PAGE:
To apply induction, we need a case that we can easily reason about without dependencies. That case is the path that ends at the starting point (0, 0). The minimum path post from (0, 0) to (0, 0) is clearly just the value of the grid at (0, 0) itself. Since we have a dependency structure of solutions depending on other solutions, and a case to stop the dependency chains, it may seem we can just do the same application to get to a recursive algorithm.
However, there’s a problem here. The dependency chains here aren’t finite. We have to protect ourselves from an infinite loop that doesn’t ever get to (0, 0), such the 4 location loop from (2, 2), (2, 1), (1, 1), (1, 2), (2, 2), and so on. This creates a dependency chain that doesn’t end at an easy case, so we have no place to start applying induction from.
Aaaaaah, it never ends!! In magical theoretical computers at least. Real computers would just throw a stack overflow exception at you.
If you’re familiar with algorithms, you probably might already know how to fix this problem. Since all the costs are positive, we can cut off any loops in a path and end up with a path with smaller cost that has the same starting and ending point. That is, any minimal path must have no loops in it. So we can just ignore any option that would go through a node we’ve already seen and thus introduce a loop.
The way we would implement that idea in code is by keeping a set of nodes we’ve already seen in our search. We can fix this infinite dependency chain issue using the same idea. The nodes in our dependency chain can represent the combination of a target ending location and a set of the nodes that will be taken afterward to get to (2, 2). So for example, the combination of (end location  (1, 1), path  [(2, 1), (2, 2)]) would be distinct from the combination of (end location  (1, 1), path  [(1, 2), (2, 2)]). We would reconstruct the dependency chain such that a combination would only depend on combinations that have end locations neighboring its own end location (like before), but the neighboring location can’t already be in the path that would follow (because that would introduce a loop).
This is hopefully more clear if we try to redraw the infinite dependency chain as before and show how it breaks the infinite chain:
The infinite dependency chain is fixed because the problematic node that would cause the loop doesn’t actually exist! Sometimes the way to fix a problem is just to make sure it doesn’t exist on the first place.
The overall dependency structure does branch out though, and note that we now have different nodes for subproblems that may end at the same location, but the ending paths are different.
A sample of the dependency structure all ending at the target location (2, 2) with an empty path afterward. Note that the boxes highlighted in pink represents a subproblem that end at the same location (1, 1), but they’re different due to a different path afterward.
If we restructure the dependency structure this way, we can actually show that each dependency chain must be finite. Each step back the dependency chain must introduce a new node to the accumulated path, and there’s only a finite amount of new nodes to add before we run out. So these chains must eventually end. But they don’t necessarily end at the starting location we want, (0, 0). These chains might end in a way that we can’t get back to the starting location. For example, the subproblem of a path that would end at (1, 2) with a path afterward of [(0, 2), (0, 1), (1, 1), (2, 1), (2, 2)] is impossible since all of the neighbors of (1, 2) are in the set of nodes that cannot be visited again. However, because they’re impossible, these solution for these cases are also really easy to calculate without other dependencies, so we can treat these as base cases too! We’ll just mark these paths as having cost infinity to represent impossibility.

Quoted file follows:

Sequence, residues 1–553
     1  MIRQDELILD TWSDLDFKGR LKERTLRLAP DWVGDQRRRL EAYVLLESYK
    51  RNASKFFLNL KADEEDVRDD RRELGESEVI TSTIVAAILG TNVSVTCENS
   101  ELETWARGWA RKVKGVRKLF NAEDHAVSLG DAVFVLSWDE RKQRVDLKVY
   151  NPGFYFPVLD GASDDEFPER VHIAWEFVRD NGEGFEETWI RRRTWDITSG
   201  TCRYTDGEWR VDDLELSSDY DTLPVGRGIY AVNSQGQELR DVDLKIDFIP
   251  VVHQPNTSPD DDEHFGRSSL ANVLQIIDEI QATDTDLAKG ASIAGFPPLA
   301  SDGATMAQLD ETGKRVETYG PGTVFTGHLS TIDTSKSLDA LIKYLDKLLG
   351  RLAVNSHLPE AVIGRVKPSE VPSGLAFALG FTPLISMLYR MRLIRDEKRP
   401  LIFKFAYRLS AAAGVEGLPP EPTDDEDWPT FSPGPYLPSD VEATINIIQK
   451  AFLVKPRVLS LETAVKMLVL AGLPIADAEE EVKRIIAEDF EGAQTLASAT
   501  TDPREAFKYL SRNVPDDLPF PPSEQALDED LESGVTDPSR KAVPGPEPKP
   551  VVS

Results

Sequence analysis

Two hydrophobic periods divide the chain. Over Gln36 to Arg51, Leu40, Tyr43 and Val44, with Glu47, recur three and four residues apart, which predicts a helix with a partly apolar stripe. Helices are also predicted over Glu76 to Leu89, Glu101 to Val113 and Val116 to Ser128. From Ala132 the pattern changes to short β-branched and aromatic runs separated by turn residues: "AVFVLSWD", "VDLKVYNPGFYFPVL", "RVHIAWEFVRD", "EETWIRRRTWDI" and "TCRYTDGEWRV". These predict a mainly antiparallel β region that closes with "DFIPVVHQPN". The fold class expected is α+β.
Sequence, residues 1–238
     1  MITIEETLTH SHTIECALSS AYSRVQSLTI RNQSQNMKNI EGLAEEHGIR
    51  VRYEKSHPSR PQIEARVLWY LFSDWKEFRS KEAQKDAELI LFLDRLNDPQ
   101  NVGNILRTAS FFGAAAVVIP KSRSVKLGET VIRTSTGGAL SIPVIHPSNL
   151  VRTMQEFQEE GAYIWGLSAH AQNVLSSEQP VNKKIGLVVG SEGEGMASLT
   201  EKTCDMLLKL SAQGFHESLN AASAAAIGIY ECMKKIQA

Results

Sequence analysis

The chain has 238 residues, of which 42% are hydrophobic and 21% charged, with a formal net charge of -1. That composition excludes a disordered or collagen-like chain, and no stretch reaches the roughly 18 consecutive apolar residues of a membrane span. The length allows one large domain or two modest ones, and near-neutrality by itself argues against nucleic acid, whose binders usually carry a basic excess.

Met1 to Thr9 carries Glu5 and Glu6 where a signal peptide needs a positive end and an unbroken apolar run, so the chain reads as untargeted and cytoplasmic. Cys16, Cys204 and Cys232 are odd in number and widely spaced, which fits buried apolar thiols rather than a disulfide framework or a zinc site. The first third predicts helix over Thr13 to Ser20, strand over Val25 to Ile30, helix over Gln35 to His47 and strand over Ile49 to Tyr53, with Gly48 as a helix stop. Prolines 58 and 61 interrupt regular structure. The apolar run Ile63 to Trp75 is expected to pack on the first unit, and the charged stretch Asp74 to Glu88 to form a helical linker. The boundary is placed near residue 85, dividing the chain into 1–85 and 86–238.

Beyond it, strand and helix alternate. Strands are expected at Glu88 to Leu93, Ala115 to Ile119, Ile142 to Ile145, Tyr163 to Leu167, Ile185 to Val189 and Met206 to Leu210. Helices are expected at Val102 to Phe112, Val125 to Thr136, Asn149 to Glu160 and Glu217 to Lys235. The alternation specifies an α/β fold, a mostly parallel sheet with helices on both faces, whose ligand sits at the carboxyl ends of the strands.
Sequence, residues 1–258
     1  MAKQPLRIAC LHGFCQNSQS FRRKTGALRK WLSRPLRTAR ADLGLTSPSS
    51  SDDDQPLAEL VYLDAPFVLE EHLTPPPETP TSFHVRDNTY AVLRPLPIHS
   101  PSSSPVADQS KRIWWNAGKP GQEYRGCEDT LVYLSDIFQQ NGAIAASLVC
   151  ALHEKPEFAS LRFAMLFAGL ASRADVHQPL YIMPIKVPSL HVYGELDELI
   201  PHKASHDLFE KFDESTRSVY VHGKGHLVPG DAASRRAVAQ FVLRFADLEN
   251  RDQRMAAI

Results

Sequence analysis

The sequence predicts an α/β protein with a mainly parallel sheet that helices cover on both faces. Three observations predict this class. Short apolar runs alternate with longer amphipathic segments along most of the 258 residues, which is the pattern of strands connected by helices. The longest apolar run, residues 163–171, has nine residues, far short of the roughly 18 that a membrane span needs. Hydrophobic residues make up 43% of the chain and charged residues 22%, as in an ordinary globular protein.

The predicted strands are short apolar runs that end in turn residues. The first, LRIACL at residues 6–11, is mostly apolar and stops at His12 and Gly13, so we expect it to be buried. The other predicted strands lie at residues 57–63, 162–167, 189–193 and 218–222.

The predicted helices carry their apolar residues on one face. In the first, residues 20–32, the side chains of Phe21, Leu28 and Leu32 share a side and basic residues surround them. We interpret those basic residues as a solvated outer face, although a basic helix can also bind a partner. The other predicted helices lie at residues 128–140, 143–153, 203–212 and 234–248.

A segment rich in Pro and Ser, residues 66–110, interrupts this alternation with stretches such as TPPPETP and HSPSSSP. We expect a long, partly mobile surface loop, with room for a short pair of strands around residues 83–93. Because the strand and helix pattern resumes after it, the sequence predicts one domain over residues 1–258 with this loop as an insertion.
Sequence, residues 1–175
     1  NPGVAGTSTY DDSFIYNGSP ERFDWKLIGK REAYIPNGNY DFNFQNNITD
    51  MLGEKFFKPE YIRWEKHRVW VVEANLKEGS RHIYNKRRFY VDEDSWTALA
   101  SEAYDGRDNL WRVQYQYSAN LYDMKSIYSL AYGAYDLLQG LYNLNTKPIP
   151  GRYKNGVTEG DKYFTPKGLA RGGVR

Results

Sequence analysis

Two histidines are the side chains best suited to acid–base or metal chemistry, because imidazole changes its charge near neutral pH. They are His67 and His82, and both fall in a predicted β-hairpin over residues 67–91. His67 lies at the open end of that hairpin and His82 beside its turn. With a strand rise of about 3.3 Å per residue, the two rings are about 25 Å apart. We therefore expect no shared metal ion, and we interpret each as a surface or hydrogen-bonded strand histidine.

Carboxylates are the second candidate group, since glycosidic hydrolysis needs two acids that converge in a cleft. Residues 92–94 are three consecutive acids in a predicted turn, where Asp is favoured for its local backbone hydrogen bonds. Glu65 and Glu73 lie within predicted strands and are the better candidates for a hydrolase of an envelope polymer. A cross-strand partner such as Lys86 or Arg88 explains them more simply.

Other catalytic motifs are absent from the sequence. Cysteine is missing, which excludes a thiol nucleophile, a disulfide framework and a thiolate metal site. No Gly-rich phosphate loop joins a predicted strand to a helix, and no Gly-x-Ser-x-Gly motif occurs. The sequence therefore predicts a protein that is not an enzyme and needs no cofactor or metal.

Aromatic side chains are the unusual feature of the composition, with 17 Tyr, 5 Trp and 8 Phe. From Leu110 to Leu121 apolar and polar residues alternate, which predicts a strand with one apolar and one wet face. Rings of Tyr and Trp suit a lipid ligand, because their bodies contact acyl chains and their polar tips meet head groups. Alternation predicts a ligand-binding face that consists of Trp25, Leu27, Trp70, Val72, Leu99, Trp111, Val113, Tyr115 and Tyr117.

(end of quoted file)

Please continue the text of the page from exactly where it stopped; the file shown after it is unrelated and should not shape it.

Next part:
To summarize, the new dependency structure has nodes that represent a subproblem that is a combination of a target ending location (from the known starting location (0, 0)) and path that will be taken afterward. The original problem is the subproblem that targets ending at (2, 2) with an empty path afterward. As above, we can make a dependency structure such that each chain is finite. A chain either ends at:
 a subproblem that targets ending at (0, 0) with any path afterward, which we can immediately assign the cost of just the cost at (0, 0).
 a subproblem that targets ending at a location that has all neighbors being in the path afterward already, so we’ll assign the cost of infinity to represent an impossible problem.
Since each chain is finite, we can apply induction and say we’ve solved the original problem! ^{2} We can then take this dependency structure to come up with a recursive implementation:
The code here is much longer than the previous code example, but much of this is just repeated code for the four cardinal directions which could become more compact with some restructuring. Conceptually, the translation to code is the same  handle cases that we can do without dependencies directly, otherwise recursively solve subproblems according to the dependency structure we constructed.
Wrapping up
In this post, I just wanted to follow up on a previous post with some examples not using arrays, and also wanted to highlight the importance of finite dependency chains and how to break up an infinite dependency chain, e.g. by making such a chain invalid. Just like the previous post, the dependency structures can directly be translated into recursive algorithms.
If you enjoyed this post, have any questions, comments, suggestions about what to think about next, or just want to say hi, just email me at me@lalaheadpats.com.
Footnotes

The female asian coworker graphic designers should be single and available of course. For example, I could prove that he’ll date all such people by induction:
 He will date the first such person
 If he dates one such person, he will date the next such person
This isn’t exactly a mathematical proof because the concept of “will date” isn’t a rigorous mathematical statement. But empirical evidence has shown that these rules have good support, so I think it’s a good conjecture that will be proved in the next century. ↩

We haven’t exactly showed that we solved the original problem yet. All this shows is that the algorithm ends at some point, not that we necessarily find the minimal path. We still need to at least show that the minimal path shows up somewhere_in this dependency chain. That’s actually not that hard to reason about  our dependency structure is going through all paths without loops backwards and since the minimal path doesn’t have any loops, one of the dependency chains will represent the minimal path. I just didn’t want to distract from the main point restructuring the dependencies to make induction work. ↩